Difference between revisions of "Flores (Indonesia)"
Revision as of 21:04, 25 June 2007
Flores is located east of Sumbawa and Komodo and west of Lembata and the Alor Archipelago. To the southeast is Timor. To the south, across the Sumba strait, is Sumba and to the north, beyond the Flores Sea, is Sulawesi.
Flores is almost all Catholic and represents one of the "religious borders" created by the Catholic expansion in the Pacific and the spread of Islam from the west across Indonesia. In other places in Indonesia, such as in the Malukus and Sulawesi, the divide is more rigid and has been the source of bloody sectarian clashes.
There are many languages spoken on the island of Flores, all of them belonging to the Austronesian family. In the centre of the island in the districts of Ngada and Ende there is what is variously called the Central Flores Dialect Chain or the Central Flores Linkage. Within this area there are slight linguistic differences in almost every village. At least six separate languages are identifiable. These are from west to east: Ngadha, Nage, Keo, Ende, Lio and Palu'e, which is spoken on the island with the same name of the north coast of Flores. Locals would probably also add So'a and Bajawa to this list, which anthropologists have labeled dialects of Ngadha.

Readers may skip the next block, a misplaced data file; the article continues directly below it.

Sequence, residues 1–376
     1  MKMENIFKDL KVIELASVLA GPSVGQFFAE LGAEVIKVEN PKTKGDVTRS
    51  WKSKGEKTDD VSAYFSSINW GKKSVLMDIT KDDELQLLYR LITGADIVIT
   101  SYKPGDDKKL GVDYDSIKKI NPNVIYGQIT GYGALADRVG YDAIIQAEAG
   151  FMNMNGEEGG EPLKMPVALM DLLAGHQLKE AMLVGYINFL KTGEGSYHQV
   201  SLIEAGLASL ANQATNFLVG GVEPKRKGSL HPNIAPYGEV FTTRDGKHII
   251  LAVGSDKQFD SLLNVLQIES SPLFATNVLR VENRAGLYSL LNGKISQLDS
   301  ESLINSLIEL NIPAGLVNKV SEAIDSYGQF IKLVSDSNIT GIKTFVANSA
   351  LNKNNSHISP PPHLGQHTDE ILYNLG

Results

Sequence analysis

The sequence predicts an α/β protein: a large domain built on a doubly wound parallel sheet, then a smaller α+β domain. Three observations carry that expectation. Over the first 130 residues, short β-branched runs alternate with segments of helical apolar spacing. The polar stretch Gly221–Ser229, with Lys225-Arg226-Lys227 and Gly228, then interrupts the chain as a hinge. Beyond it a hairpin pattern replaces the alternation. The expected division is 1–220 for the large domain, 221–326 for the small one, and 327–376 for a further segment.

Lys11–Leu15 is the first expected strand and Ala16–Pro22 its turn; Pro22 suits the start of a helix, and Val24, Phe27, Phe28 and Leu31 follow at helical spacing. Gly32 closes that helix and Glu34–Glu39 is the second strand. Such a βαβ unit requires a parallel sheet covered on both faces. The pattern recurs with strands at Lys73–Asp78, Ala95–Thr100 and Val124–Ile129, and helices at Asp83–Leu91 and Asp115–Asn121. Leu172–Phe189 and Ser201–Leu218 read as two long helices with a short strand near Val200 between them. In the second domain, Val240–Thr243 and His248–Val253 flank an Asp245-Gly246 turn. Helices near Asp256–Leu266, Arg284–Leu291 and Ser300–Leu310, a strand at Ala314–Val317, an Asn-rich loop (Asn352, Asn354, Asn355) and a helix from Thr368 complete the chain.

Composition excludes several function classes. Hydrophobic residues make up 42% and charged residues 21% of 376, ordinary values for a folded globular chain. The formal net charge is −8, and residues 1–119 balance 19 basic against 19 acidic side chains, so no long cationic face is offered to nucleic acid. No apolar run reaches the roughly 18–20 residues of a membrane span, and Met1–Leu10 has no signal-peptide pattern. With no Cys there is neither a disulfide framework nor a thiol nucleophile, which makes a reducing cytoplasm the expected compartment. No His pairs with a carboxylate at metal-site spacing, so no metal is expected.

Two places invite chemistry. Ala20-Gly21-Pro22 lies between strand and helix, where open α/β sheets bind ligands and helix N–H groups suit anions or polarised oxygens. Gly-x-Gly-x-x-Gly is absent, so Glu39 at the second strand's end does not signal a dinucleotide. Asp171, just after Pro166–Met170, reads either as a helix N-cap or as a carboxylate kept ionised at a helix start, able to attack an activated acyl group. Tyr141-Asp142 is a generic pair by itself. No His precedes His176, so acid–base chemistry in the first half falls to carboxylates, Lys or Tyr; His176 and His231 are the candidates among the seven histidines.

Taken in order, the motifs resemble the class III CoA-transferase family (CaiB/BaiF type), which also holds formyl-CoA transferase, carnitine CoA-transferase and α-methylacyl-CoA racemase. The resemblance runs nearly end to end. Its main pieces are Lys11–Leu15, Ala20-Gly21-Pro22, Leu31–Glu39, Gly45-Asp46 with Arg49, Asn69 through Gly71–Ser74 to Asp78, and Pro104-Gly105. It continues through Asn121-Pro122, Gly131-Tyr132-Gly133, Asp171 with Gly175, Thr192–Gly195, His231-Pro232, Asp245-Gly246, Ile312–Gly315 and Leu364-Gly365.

Portuguese traders and missionaries came to Flores in the 16th century, mainly to Larantuka and Sikka. Their influence is still discernible in Sikka's language and culture.
There are several airports in Flores, and the main one is at Maumere.
"Jeepnies" operate linking all the main towns. It is an incredible way to see the island and the driving ensures it is an exhilarating ride
The most famous tourist attraction in Flores is Kelimutu, a collection of three coloured lakes in the district of Ende. Changing colours on a regular basis, the latest colours (mid 2003) were said to be turquoise, green and red.
Flores has good snorkeling and scuba diving in several locations along the north coast, most notably Maumere and Riung. Owing to the destructive practice of local fishermen using dynamite, and locals selling shells to tourists, however, the coral reefs are slowly being destroyed.